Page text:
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Disinformation All the Way Down


In this article, Peter Pomerantsev argues that “our current media model creates a demand for disinformation”, and, accordingly, that construing the disinformation threat in terms of ‘foreign’ or ‘domestic’ cause misses the point. Social networks are not inherently calibrated to uphold truth or accuracy—their entirely amoral goal is to maximize the time users spend on the platforms, achieved through ever more precise AI-driven audience targeting. Absent from this design is any notion of building an ethical or deliberative political information space, which is so crucial to the health or indeed survival of democratic society. Facts, trust, and civic cohesion have become casualties in the insatiable pursuit of advertising revenues. MR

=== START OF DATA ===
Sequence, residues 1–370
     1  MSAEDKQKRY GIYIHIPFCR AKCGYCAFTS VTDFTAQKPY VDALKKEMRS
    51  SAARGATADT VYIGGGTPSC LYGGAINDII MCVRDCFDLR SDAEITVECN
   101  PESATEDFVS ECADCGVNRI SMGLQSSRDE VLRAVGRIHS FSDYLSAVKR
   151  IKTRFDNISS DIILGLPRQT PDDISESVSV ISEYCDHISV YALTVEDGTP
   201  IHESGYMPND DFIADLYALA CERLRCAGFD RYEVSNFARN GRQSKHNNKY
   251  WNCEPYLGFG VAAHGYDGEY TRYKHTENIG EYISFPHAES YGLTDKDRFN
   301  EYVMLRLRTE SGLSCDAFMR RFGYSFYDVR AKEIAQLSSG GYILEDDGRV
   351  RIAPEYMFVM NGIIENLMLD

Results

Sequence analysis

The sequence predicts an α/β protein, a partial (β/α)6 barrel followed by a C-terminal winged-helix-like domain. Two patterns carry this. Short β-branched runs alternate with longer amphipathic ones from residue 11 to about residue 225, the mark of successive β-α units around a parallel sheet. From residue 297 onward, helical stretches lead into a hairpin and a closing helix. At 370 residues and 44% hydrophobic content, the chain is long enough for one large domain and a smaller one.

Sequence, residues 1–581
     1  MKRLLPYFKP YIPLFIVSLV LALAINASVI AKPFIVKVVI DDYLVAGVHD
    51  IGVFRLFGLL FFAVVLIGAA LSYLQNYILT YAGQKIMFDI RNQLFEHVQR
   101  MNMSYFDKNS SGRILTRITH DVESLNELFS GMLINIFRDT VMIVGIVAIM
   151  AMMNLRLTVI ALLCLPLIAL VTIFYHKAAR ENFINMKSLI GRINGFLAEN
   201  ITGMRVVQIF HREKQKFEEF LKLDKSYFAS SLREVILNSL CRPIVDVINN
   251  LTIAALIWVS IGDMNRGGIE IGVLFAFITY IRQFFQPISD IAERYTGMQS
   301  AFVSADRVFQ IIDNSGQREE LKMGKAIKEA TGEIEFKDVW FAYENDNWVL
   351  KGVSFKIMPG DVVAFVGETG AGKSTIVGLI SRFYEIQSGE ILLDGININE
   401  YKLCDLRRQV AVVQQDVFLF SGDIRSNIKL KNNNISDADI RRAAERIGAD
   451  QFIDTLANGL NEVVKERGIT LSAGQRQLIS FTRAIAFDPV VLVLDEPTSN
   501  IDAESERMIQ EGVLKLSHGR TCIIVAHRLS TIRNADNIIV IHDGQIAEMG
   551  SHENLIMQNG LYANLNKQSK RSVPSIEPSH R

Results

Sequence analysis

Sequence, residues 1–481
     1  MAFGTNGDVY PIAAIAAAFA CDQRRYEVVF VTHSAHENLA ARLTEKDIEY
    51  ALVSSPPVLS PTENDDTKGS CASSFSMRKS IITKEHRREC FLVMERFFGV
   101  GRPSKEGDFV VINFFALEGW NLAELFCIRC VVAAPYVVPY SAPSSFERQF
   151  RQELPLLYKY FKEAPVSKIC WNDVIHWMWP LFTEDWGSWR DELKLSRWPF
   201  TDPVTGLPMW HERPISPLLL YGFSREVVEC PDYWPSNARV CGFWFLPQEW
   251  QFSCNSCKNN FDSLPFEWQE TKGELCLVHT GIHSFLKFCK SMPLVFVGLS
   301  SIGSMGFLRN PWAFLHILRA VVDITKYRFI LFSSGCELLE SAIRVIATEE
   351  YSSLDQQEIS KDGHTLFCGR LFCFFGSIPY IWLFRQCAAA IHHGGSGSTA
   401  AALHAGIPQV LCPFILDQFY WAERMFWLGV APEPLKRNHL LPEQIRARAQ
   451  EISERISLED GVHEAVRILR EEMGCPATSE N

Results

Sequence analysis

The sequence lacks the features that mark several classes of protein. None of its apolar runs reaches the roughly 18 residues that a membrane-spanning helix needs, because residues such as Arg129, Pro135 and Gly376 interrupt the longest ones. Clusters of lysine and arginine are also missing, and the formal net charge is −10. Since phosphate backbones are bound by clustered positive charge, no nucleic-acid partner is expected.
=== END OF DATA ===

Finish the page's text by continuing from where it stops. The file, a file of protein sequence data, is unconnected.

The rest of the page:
Why is this important?

Mr. Pomerantsev argues that until we manage to adapt to this new information and media reality—for there is no going back!—and develop strategies to regulate and/or otherwise constrain its worst excesses, fighting back against specific disinformation campaigns is a largely futile exercise. Suspending Russian troll accounts and deleting Russian-linked political ads—while undoubtedly appropriate—is merely a bandaid for this far deeper and more pernicious problem. Today it is Russia (and ISIS, and the alt-right) adroitly exploiting the vulnerabilities and blind spots of our brave new information reality—but who will it be tomorrow? And how much worse is it going to get, in terms of the technological capabilities to produce ever more convincing and undetectable deceptions? The urgent challenge before us is to reform information markets so they aren’t democracy’s Achilles heel. MR


Peter Pomerantsev

Publication Date

February 27, 2018